As a college student some 15 years ago, I backpacked from Bogota to Buenos Aires, largely by land. One of the most memorable legs of this trip was a bus ride from Bogota to the northern coast of Colombia. I eventually landed in the coastal city of Santa Marta, the site where Simon Bolivar, the liberator of Latin America, drew his last breath.
Santa Marta is the most logical point of departure for travelers looking to explore "La Ciudad Perdida" (The Lost City), a pre-Columbian city that was built in 800 AD then abandoned some 400 years ago. The city, originally called Teyuna, today consists of the ruins of over 200 structures spread out over approximately 75 acres of land. It is reached by walking 2 to 3 days into the jungle and culminates in an ascent of 1,200 mossy stairs built into the side of a mountain.
Unfortunately, when I was in Santa Marta in 1997, Colombia was fighting a bruising internal battle that made visiting La Ciudad Perdida quite perilous. The situation continued to deteriorate and in 2003, a group of tourists hiking to the city were kidnapped for over three months. Visits were then suspended and were only reinstated in 2005.
When I left Santa Marta, I made a mental note that I needed to return one day to see the Ciudad Perdida with my own eyes. Given Colombia's tremendous strides with respect to the security situation, I once again found myself in Santa Marta in early 2013. Things had changed substantially in the intervening years. Referring to the "Lost City" these days is a bit of a misnomer, as the attraction is quickly becoming a "must-see" attraction for adventure travelers. Apparently, the December holiday season of 2012 was the busiest period in memory (and perhaps ever) with as many as 30 hikers leaving Santa Marta a day to ascend into the mountains. Tour operators don't expect this trend to subside, so if you want to see the Ciudad Perdida before it turns into Machu Picchu Norte, pack your gear.
Despite the growing crowds, the experience remains quite memorable and worthwhile. Before lacing up your boots and heading to Colombia, however, it's worth keeping a few things in mind.
1. The Hike to La Ciudad Perdida is tough
While the trail is not particularly technical, a series of steep ascents, river crossings and generally rough terrain make the trek strenuous. If you're not in shape you will suffer. In my group of about 25 hikers, I observed legions of blisters and bug bites. We also had a few casualties, with one person falling into a ditch, another barely avoiding attack by a poisonous snake, and one injured hiker requiring transportation off the mountain on the back of a mule. We even had a fistfight between two hikers over a girl. Needless to say, my LL Bean emergency medical kit made me exceeding popular around camp.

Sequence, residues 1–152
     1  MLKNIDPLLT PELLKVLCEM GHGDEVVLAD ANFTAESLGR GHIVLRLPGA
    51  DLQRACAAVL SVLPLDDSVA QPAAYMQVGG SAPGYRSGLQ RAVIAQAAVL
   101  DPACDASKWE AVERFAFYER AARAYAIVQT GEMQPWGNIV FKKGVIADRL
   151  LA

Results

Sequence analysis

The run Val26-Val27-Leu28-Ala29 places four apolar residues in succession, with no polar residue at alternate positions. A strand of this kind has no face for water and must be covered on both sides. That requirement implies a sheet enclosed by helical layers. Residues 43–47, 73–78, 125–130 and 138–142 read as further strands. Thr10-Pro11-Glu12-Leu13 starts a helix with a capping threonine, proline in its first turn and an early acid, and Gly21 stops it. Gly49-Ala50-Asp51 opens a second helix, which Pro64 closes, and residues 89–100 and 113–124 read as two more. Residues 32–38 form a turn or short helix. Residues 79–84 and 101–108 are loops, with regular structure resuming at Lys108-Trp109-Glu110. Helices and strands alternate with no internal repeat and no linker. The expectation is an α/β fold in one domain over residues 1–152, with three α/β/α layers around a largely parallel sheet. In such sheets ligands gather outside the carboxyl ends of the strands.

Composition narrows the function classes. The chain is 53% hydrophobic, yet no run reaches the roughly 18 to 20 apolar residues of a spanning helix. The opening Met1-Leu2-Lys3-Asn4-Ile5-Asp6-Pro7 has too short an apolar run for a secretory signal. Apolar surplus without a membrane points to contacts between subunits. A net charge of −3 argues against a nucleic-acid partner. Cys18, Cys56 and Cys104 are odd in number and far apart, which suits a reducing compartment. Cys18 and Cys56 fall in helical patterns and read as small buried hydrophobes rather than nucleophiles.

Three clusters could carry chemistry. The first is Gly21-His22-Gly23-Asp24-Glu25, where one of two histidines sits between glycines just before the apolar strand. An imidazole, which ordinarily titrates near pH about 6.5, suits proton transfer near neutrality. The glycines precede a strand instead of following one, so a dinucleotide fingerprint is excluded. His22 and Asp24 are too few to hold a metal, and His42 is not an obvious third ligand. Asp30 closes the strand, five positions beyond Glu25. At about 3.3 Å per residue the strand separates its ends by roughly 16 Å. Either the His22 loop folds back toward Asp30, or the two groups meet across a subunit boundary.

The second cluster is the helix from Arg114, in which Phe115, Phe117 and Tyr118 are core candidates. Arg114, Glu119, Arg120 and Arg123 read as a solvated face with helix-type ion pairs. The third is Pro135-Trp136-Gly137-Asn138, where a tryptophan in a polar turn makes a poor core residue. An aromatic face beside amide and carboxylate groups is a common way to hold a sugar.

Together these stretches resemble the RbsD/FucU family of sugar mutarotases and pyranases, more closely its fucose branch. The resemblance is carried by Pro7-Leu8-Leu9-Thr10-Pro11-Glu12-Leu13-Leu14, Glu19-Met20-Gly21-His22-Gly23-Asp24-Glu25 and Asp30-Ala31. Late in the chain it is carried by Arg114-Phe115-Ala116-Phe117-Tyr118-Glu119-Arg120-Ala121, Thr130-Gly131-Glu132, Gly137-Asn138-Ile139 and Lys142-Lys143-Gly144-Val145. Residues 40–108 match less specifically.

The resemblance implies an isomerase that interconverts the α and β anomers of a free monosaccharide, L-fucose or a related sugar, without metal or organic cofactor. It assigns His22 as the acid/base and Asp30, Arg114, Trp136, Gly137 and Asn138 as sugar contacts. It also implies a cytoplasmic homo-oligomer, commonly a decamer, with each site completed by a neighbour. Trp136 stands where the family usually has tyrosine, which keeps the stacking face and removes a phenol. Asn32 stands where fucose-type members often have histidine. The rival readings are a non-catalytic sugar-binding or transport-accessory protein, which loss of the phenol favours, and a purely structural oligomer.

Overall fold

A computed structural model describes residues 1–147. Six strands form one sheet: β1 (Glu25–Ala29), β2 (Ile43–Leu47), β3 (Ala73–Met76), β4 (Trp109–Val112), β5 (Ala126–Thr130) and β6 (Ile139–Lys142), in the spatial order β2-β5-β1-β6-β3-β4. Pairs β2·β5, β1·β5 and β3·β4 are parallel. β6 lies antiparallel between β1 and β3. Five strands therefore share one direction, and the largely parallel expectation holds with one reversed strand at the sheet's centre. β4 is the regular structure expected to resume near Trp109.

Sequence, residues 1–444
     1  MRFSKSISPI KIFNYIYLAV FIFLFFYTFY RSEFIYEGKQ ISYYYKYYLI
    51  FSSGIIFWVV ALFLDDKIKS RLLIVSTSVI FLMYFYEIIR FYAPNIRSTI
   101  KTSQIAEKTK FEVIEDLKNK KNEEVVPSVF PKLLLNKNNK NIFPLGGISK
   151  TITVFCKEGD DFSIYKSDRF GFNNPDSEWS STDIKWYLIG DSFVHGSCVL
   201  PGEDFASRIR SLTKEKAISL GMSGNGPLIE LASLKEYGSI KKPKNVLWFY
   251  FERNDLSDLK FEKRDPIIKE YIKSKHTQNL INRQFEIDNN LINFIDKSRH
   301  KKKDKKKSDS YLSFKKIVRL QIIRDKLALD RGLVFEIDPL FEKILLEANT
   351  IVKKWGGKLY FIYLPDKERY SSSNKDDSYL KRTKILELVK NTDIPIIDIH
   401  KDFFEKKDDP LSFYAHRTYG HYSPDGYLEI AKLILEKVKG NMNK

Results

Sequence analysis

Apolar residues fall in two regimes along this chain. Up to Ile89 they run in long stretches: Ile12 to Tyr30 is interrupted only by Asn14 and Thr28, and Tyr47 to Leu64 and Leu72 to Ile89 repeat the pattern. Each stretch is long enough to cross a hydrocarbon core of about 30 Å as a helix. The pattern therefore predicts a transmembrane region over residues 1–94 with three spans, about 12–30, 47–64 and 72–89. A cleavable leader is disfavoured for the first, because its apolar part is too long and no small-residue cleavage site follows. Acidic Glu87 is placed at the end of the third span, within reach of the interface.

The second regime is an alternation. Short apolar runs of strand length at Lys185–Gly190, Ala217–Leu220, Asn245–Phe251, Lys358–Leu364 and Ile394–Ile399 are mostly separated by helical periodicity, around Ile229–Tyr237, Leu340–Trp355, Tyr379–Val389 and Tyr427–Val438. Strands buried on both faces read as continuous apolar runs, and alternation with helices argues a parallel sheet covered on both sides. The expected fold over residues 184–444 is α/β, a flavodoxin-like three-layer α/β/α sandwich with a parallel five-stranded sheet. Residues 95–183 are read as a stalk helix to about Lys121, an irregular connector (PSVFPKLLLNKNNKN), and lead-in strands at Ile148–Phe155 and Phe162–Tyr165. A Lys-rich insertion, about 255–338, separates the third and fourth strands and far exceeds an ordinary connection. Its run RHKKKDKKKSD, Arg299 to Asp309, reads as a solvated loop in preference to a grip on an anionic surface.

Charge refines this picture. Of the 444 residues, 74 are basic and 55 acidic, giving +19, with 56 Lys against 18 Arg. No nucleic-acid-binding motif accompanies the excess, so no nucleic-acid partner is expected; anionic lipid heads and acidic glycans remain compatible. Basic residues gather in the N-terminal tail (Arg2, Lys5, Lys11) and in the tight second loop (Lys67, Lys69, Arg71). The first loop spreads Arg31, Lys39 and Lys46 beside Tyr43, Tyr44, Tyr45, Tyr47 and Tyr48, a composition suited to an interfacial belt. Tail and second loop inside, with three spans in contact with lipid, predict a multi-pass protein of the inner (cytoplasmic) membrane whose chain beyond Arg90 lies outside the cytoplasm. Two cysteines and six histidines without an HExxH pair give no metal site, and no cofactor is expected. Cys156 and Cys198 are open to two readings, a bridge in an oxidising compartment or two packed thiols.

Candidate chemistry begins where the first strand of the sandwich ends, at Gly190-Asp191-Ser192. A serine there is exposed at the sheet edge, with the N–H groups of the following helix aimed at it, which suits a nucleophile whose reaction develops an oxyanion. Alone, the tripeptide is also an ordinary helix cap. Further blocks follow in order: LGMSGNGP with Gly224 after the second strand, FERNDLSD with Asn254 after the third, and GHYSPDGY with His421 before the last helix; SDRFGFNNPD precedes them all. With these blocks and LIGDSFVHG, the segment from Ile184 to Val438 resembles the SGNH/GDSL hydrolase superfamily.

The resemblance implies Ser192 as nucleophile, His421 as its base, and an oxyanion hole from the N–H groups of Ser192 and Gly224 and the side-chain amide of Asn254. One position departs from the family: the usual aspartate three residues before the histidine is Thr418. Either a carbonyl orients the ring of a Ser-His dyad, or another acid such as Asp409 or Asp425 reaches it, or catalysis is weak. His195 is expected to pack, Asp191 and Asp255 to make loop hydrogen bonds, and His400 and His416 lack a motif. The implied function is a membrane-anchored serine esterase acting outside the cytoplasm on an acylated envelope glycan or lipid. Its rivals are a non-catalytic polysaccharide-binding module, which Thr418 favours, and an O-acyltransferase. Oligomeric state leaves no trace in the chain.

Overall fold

2. Be Prepared
To my bemusement, a few fellow travelers were dressed more for the country club than a 5-day hike. I would encourage, at minimum, good hiking shoes, water shoes, a headlamp, copious supplies of insect and sun protection, rain gear, emergency medical supplies, and long sleeved pants and shirts. Also, bring extra shirts. Once something gets wet in the jungle, it generally stays wet .
3. It's Hot
Even though most of the hikes begin early in the morning, the heat of the jungle is intense. Well-located swimming holes near the campsites provide relief from the sweltering and humid days. Bring water purification tablets so you don't have to rely on the guides for potable water.
4. The Ciudad Perdida Is Not Lost Anymore
While the number of travelers hiking to the city is swelling, especially in the December high season, it doesn't feel particularly touristy and the sheer number of visitors is limited by the small size of the camp sites. Some local Kogi Indians do sell imitation Gatorade (Sporade, anyone?), but thankfully there are no hawkers selling T-Shirts that say "I made it to the Ciudad Perdida." I was also surprised to discover that I was the only American in my camp, with most travelers coming from Oceania, Europe, and Colombia. Still, as more and more travelers find their way into the jungle, the inevitable crowds and commerce will surely follow.
5. It's Not Just About the Journey
As I read up on the Ciudad Perdida, I found that a number of guides suggested that travelers should remember that the journey, rather than the city itself, is the real highlight of the trek. In short, they suggested that the city is a bit....underwhelming. I strongly disagree. Sure, it's not as grand as Machu Picchu, but the sheer beauty of the site, nestled in the mountains, makes the destination well worth the effort. Plus, the journey itself -- which will provide you with 4 to 6 days free of cell phones, Internet, and television - will put you in the kind of headspace that will allow you to actually enjoy the city that you find at the top of those 1,200 steps. You can always tweet about it when you get home.